Silver Springs, FL Head On Train Collision, Nov 1908

FEARFUL RESULT OF FORGETFULNESS.

A TERRIBLE WRECK ON THE SEABOARD AIR LINE AT SILVER SPRINGS JUNCTION THIS MORNING.

FIVE MEN KILLED AND SEVERAL OTHERS BADLY INJURED.

TWO ENGINES AND A SCORE OF FREIGHT CARS CRUSHED TOGETHER IN A MOUNTAIN OF CONFUSION BENEATH WHICH LIES THE BODIES OF ENGINEER WAKEFIELD AND FIREMAN SABB.

A wreck occurred at the big curve near the Silver Springs Junction on the Seaboard railroad, three miles northeast of town at 12:20 this morning which, as far as we are able to ascertain, was one of the worst in the history of railroading in Florida. Five men were killed and the sixth will probably die.
A northbound freight train with fifteen or twenty cars, crashed into a southbound freight train with thirty-four cars. Where the trains met the curve is so sharp that one cannot see for two hundred yards and in addition at the time of the wreck a dense fog prevailed.
The terrible head-on collision was caused by the crew of No. 24 north-bound, forgetting that No. 11 south-bound, was due. This train was late and the northbound crew forget all about it and that they were running on its time. They should have met in the yards here where No. 24 was made up and started from.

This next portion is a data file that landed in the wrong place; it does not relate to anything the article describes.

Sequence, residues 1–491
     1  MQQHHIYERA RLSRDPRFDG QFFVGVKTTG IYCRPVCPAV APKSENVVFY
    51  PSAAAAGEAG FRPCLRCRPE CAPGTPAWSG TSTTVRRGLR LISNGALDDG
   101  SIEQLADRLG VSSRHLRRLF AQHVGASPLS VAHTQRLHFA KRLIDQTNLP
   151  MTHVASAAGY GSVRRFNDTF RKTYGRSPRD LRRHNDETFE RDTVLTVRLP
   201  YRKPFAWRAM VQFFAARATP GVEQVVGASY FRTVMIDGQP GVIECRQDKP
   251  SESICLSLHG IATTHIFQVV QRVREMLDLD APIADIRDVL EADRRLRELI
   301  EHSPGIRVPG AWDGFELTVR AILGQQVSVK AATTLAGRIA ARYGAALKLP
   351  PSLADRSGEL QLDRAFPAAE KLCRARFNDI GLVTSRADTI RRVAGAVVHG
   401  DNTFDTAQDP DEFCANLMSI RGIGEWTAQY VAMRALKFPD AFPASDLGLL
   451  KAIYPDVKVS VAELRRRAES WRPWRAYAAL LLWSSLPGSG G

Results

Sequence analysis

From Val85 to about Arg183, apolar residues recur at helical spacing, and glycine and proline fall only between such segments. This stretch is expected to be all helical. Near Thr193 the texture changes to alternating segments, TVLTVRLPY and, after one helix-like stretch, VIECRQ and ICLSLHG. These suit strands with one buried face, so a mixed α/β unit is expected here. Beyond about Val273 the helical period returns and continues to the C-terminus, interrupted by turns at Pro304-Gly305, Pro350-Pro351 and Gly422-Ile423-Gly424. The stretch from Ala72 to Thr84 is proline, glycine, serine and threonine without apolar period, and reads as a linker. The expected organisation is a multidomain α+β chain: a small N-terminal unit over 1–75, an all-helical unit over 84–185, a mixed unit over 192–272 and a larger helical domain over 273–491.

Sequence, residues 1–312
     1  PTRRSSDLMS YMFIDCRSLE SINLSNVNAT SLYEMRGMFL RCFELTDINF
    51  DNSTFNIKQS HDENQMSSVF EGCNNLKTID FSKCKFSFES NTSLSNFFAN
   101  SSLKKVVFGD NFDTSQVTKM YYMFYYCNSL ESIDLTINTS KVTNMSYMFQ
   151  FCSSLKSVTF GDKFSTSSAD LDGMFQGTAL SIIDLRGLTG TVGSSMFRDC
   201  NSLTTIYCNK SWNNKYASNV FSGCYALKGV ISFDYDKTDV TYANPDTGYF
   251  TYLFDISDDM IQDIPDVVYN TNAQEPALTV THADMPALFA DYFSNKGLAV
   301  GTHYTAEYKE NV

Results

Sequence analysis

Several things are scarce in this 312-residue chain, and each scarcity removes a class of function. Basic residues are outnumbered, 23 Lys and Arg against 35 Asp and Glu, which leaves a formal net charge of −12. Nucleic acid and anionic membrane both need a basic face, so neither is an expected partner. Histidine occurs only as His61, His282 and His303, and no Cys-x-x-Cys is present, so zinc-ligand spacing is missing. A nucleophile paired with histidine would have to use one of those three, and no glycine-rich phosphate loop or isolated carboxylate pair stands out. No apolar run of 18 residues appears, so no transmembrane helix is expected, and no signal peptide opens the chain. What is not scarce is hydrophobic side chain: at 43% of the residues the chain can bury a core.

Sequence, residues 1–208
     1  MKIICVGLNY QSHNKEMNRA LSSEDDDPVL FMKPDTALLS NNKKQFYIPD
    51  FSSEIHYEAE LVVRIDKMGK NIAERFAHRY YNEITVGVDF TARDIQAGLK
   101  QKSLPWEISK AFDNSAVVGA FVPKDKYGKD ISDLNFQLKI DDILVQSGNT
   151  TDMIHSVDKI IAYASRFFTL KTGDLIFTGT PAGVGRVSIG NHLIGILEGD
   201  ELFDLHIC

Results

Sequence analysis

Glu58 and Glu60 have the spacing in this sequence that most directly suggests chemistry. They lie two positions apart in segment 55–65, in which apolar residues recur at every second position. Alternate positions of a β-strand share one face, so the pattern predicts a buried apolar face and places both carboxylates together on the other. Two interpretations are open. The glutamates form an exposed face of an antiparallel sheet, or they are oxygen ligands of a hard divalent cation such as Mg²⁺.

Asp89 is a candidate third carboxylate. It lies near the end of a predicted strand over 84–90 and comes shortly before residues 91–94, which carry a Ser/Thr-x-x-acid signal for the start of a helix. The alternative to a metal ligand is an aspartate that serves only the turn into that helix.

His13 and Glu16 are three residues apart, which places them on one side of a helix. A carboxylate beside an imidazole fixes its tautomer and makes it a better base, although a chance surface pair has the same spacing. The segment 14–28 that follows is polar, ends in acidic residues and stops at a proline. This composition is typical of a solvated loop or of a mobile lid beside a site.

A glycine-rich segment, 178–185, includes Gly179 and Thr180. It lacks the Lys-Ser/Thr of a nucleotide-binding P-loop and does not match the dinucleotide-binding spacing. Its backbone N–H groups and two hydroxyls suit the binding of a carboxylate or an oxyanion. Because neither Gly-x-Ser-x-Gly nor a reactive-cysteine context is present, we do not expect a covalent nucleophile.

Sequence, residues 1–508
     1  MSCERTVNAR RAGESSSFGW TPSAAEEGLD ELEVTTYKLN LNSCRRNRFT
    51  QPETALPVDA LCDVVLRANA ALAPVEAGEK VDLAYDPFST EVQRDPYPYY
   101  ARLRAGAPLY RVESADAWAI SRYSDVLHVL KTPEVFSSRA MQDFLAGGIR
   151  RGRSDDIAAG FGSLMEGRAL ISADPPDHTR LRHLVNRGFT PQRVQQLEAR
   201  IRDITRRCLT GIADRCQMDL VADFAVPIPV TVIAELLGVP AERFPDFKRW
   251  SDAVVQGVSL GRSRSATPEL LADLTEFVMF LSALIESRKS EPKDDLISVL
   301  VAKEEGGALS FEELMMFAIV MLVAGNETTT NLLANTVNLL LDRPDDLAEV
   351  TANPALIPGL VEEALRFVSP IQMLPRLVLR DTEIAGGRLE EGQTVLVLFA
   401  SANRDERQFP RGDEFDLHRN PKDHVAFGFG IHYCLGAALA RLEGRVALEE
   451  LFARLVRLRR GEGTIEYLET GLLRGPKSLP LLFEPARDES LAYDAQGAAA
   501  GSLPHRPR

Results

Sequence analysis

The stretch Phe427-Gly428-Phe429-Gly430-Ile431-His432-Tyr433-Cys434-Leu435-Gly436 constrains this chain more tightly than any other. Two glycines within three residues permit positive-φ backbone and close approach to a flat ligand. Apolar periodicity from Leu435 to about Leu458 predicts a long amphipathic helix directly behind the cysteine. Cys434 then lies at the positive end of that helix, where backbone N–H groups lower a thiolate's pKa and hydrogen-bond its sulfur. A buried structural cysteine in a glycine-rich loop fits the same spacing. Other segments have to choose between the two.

The trains were going at a good rate of speed, as fast as they could go, probably on a sharp curve with heavy trains and the force of the collision was terrific. The two heavy engines locked and crushed into each other, with their tenders and cars on each side, into a shapeless mass of broken and twisted iron, wood and miscellaneous merchandise.
Engineer "DAD" N. M. WAKEFIELD, of No. 11, saw the approaching train and shouted to his fireman, TOM PHILLIPS. PHILLIPS jumped from the engine and had a miraculous escape, being painfully bruised, but not enough to lay him up. Poor old "DAD" one of the road's oldest and best loved engineers, a man of fifty-five years, who had been an engineer for twenty years, was literally buried beneath his engine and the great mass of wreckage, and despite the hard work among the wreckage, could not even be located up to 1 o'clock this afternoon.
LEE BESS, a negro brakeman who was dead-heading with WAKEFIELD, was killed. We could not learn where his home was.
P. D. SMITH, a young white man, barely of age and a head brakeman or flagman with WAKEFIELD, was killed. His home was in Leonard, West Va., where he has a brother Will, as was ascertained by a letter in his pocket.
E. R. PHILBRICK, of Jacksonville, head brakeman or flagman on northbound train No. 24, a young married man whose home is on Union Street, also barely of age, was so badly hurt that he died soon after he was taken to the hospital this morning. His home was formerly in Tallahassee, where his father, a physician, resides.
Fireman BOB SABB, colored, of No. 24, northbound, was instantly killed at his post of duty and where his body still remains, burned and scalded beyond any semblance of a human being. The body was right against the boiler and death must have been instantaneous. There was no chance to remove the body until the engines were pulled part.

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